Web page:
Portage graduate becomes first 4-time men’s Valpo Triathlon winner by breaking own course record

2013-07-13T17:15:00Z 2013-07-13T21:20:20Z Portage graduate becomes first 4-time men’s Valpo Triathlon winner by breaking own course recordPaul Oren Times Correspondent
July 13, 2013 5:15 pm  • 

VALPARAISO | Jordan Bailey had the finish line in his sights with less than 20 seconds to go in order to break his three-year-old course record at the Valparaiso Triathlon.

The Ogden Dunes native turned the last 60 yards into a sprint and shaved two seconds off his 2010 record time by crossing the finish line at 56:58. Bailey became the first four-time men’s winner of the 11th annual event, holding off 2012 victor Matthew McDonough (58:46) by just under two minutes.

History was made on Saturday morning as Tobey Yeats became the first woman other than Chris Wickard to win in the last seven years. Wickard didn’t participate in this year’s event.

Bailey was making his return to Rogers-Lakewood Park for the first time since he won back-to-back titles in 2010-11.

“I love Valpo. It was the first race I did and it’s a very fast course,” Bailey said. “I couldn’t ask for a better weather day. In 2010 I did 57 flat and my goal was to break that even number.”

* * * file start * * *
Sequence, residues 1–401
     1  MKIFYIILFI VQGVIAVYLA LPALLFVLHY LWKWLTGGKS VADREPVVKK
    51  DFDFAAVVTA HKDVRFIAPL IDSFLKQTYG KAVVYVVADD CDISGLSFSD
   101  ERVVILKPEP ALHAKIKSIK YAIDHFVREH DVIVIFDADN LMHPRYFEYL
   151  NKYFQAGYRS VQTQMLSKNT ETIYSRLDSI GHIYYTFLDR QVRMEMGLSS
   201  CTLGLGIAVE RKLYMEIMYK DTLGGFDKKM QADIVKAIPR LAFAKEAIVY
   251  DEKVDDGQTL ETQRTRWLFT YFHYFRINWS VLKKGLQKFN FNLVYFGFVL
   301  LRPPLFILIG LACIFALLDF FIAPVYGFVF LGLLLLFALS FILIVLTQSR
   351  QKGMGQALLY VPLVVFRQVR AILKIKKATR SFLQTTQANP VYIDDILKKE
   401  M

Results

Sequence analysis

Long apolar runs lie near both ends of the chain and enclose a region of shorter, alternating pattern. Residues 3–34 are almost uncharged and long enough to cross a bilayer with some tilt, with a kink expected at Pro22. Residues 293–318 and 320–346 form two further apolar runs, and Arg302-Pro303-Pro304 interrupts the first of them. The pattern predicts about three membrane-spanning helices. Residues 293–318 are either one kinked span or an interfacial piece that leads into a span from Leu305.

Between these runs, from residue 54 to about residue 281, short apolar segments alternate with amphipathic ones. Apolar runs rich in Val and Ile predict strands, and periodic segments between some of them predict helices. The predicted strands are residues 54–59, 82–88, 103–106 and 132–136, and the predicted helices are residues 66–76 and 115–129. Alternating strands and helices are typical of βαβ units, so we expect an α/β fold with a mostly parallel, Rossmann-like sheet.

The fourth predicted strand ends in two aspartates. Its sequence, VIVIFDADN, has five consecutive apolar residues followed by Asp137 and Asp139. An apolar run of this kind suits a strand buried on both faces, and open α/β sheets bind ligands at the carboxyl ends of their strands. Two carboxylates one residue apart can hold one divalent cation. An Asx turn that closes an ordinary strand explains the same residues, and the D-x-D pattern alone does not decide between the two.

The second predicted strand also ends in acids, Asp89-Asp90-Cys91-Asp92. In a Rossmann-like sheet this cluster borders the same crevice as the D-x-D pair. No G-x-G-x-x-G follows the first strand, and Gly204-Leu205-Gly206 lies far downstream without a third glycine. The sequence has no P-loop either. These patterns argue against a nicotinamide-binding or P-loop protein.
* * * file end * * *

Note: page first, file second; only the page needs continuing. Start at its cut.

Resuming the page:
Bailey was so far ahead of the rest of the pack in the first group, that everyone else was running for second place, McDonough improved on his winning time from last year, but still wasn’t close to catch the Portage graduate.

“He beat me fair and square,” McDonough said. “He was fast, no question. I’m still happy with how everything went this year. The conditions were similar and the food tent dominated as usual. Last year it was cookies, this year I went with a few too many doughnuts.”

Bailey, who serves as the Little 500 tournament director, next plans to travel to Quebec for the Mont Tremblant Iron Man race next month.

That Yeats become the first woman other than Wickard to win the Female Division since 2006 was noteworthy itself, but the fact that Yeats (1:11.24) accomplished the feat with just one hand added to the moment.

The Western Springs (Ill.) native was born without her right hand, instead using a modified paddle during the ¼-mile swim and a prosthetic during the 12.4-mile bike ride.

“The water is not challenging at all, but the prosthesis doesn’t fit very well and it’s very difficult to shift gears,” Yeats said. “The biggest challenge was definitely the hills during the biking.”

Yeats edged out Valparaiso native Laura Nietert (1:12:09) by just less than a minute. Nietert was the first woman across the finish line and waited in anticipation to see if she was victorious as the remaining waves of participants made their way through the course. Yeats started the race five minutes after Nietert began.

“I coach soccer and I kept on thinking of all my girls and what I say to get them going,” Nietert said. “I loved being on the bike, seeing all the guys in front of me, and then wanting to pass all of them.”

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